Fresno State Football

Fresno State spring football: Slowdown takes effect as defense plays much faster

Fresno State linebacker James Bailey (24) makes a tackle in his first career start against UNLV on Oct. 16, 2015. He finished with seven total in the game, including three solo, as the Bulldogs beat the Rebels 31-28.
Fresno State linebacker James Bailey (24) makes a tackle in his first career start against UNLV on Oct. 16, 2015. He finished with seven total in the game, including three solo, as the Bulldogs beat the Rebels 31-28. THE FRESNO BEE

What has been admitted into evidence so far is purely circumstantial, but that will start to change Friday when Fresno State puts on full pads for the first time this spring.

Two practices in, though, the slower pace of the installation of fronts and coverages on defense appears to be having a positive impact on a unit that has struggled the past three seasons and last year ranked 10th of 12 in the Mountain West Conference in total defense and last in scoring defense.

They are playing faster. They have some takeaways in 7-on-7 and 11-on-11 team periods, four on the first day and two more Wednesday, which is supposed to be a big part of the overall plan for the spring. Install, then give the players time to digest it, to know it and thrive in it.

“It gives us a chance to go faster because we know what we’re doing,” said outside linebacker James Bailey, who got his crash course in the fall and in a true-freshman season was able to tie for sixth on the team with 47 tackles, including 2.0 behind the line of scrimmage. “It’s nice for everyone because I feel like the defense is playing faster and is a lot more confident, too.”

Right now, new defensive coordinator Lorenzo Ward and the Bulldogs’ defensive staff have three coverages installed. Last year at this time, it was four or five.

“We’re going to make sure that the installation is detailed out,” coach Tim DeRuyter said. “We have some younger players that really need to understand why we call things the way we do, what situations we’re going to call particular defenses in, where the strengths of that defense are and where the weaknesses of that defense are.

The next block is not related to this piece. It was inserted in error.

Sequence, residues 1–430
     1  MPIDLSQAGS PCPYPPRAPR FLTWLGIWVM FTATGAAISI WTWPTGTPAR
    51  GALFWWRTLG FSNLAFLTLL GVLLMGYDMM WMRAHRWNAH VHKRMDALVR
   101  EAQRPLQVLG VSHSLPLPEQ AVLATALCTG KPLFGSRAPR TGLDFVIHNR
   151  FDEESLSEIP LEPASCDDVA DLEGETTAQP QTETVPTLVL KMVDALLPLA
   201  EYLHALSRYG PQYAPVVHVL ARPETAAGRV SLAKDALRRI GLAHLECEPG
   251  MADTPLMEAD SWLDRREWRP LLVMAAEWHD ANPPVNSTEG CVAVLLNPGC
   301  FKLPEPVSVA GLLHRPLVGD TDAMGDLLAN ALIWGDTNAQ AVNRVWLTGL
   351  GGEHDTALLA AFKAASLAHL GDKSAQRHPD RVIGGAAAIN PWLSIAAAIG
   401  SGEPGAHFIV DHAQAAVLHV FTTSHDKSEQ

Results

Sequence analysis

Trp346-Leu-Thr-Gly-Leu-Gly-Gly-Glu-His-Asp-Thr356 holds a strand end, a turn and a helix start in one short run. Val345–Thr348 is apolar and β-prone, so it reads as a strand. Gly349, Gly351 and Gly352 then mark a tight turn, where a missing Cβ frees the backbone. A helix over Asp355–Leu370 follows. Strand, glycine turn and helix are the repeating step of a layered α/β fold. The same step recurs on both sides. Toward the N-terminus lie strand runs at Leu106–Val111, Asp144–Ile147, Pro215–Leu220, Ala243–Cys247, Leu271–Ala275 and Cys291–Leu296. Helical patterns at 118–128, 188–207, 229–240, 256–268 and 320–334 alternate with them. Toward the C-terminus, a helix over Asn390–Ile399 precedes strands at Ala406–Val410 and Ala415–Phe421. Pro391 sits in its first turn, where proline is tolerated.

“I think sometimes young players don’t always understand why we have all these different calls. Well, there’s no perfect defense, and when you understand by disguise and are able to play some open and closed middle stuff, it makes it hard on an offense, and then where the stress points are on your defense and where they’re going to try to attack. When guys understand that, you can play faster.”

The Bulldogs do have a number of young players returning on that side of the football as well as some veterans, so there is a base there. But the aim is to make sure there is a good grasp before moving to what’s next – they want the players understanding the techniques and not just play because that is what they were told to do.

“At the end of the day, it’s about our guys playing fast and getting to the rock, downing the football,” outside linebackers coach Jordan Peterson said. “As coaches, we have to look at it and go, ‘Well, it’s not really what we know it’s what our players know.’ If they can’t verbalize it back to us and they don’t know what they’re looking for and what each technique is all about, then we have to cut it down.

“We’re really focused on the fundamentals and techniques right now to make sure our guys fully grasp the why. It’s easy to say, ‘This is your technique and this is how you execute it.’ But now, we have a little more time to talk about why and that way they have a fuller understanding of how it fits within the scheme and why we want to call certain things in certain situations.”

Promising start – The Bulldogs got a glimpse Wednesday of what Dejonte O’Neal could do working as a slot receiver, having moved there from running back this spring.

In a 7-on-7 period, the diminutive Bullard High grad – he is listed at 5-foot-7 – made a tough catch in traffic and away from his body and then weaved his way toward the end zone. The run was a nice flash, but considering they weren’t in pads and in a no-contact period, the catch was much better.

“I knew he had really good hands,” DeRuyter said. “I think putting him in the slot, he can be a playmaker for us, and I love how he competes. Now, he’s a smaller target for the quarterback, so he has to be able to make those catches. But I’ve been impressed with him. He has really good natural hands.”

O’Neal and Da’Mari Scott, an outside receiver last season, are working inside this spring. Jamire Jordan, who led the Bulldogs with 46 catches and 540 receiving yards and was tied with Josiah Blandin for the team lead with five receiving touchdowns, is out for the spring following hip surgery.